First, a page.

Who is Sue and what is Suelandia?

Sunday, September 9, 2012

So, how was your summer?

Hey people.  Man, has it really been 3 months since I typed those words?  I just haven't felt like I had anything that interesting to say.  Who am I anyway?  There is nothing that special about me.  I started a blog because I wanted to be a writer, and you are supposed to create an *online presence* if you are serious about that.  Now?  Now i have no idea why I do it.  There doesn't seem to be much point at all.  But hey-- here we go.

Last night I tried racing again, an "alley cat race", which is where you navigate finding your own way to various checkpoints throughout the city as fast as you can.  The reason this interested me was that it was a women only race, and at night.  I love doing rowdy strange things in the dark.  What can I say?  (Here is the tee shirt I got.)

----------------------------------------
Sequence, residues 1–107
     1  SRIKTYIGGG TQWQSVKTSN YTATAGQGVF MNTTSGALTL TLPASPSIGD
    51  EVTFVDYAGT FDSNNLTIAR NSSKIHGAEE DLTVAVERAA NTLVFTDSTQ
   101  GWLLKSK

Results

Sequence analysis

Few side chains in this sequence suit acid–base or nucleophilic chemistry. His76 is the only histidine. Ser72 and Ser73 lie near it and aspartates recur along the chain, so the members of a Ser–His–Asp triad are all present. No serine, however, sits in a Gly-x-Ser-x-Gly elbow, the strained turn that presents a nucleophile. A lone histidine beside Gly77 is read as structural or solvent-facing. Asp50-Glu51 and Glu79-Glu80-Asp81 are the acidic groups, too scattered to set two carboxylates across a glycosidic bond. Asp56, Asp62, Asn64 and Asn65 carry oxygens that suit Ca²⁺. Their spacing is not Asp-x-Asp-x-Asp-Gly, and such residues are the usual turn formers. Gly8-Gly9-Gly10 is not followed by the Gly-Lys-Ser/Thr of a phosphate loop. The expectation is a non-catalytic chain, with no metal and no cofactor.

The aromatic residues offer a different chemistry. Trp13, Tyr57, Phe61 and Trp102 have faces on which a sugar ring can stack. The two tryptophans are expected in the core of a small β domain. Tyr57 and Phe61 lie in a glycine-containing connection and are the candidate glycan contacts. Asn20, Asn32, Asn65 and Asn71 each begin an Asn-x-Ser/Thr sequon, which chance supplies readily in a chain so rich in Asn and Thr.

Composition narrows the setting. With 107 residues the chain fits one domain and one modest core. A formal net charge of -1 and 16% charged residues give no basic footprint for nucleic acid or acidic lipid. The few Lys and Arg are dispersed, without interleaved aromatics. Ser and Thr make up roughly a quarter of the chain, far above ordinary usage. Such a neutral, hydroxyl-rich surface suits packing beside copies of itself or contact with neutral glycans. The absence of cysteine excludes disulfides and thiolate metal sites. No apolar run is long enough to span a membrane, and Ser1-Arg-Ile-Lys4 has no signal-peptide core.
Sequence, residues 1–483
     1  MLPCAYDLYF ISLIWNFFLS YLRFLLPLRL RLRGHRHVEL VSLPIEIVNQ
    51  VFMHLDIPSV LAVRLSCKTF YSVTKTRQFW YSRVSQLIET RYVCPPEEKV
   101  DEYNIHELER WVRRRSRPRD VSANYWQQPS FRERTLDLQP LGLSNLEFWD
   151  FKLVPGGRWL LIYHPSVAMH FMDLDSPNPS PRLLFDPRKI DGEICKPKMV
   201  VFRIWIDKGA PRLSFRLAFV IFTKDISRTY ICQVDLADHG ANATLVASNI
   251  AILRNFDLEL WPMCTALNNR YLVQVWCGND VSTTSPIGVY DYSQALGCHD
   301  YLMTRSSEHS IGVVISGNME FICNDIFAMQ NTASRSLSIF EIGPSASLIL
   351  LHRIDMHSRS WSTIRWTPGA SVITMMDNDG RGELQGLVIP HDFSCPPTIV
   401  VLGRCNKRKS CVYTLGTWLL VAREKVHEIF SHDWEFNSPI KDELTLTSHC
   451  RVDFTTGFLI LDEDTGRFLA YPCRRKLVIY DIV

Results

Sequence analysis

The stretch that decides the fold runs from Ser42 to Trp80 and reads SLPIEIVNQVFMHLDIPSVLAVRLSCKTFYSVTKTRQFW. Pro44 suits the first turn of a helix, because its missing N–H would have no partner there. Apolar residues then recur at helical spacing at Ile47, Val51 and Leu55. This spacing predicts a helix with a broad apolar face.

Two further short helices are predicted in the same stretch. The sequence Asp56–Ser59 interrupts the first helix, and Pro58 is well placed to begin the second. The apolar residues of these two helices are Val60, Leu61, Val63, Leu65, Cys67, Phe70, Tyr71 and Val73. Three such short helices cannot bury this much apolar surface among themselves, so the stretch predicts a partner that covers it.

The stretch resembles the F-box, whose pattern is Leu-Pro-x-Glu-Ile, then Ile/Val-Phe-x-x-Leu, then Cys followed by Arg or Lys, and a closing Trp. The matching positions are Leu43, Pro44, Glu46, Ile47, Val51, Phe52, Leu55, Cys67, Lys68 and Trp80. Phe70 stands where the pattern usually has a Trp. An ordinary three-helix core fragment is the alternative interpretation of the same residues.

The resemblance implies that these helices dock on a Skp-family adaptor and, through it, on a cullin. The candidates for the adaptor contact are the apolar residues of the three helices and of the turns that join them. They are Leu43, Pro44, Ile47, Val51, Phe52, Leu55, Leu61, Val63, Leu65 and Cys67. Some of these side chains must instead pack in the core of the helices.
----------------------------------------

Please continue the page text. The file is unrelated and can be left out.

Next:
I wasn't going to ride Penny, because with her small fat wheels she'd probably be too slow.  So I decked out Hula in racing silks (my purple skull streamers).

I even rigged up a small speaker under the handlebars, and taped my iPod to the center of the post so I could have rolling tunes.

It was pretty out of the box for me to sign up for this.  I didn't know anyone who was doing it.  I don't know my way around Minneapolis.  I don't see so good in broad daylight anymore, much less at night.  But I still yearn for adventure, and love to ride bikes, and wish like mad I had a pack of oddballs like myself to hang out with doing strange things but I just don't, so I pushed myself to do this even though there was a high likelihood I'd feel isolated and insecure.

I don't have any cool shots of me racing, so here is an *artist interpretation*.  You can see some actual pics HERE, I am actually in about 5 of them.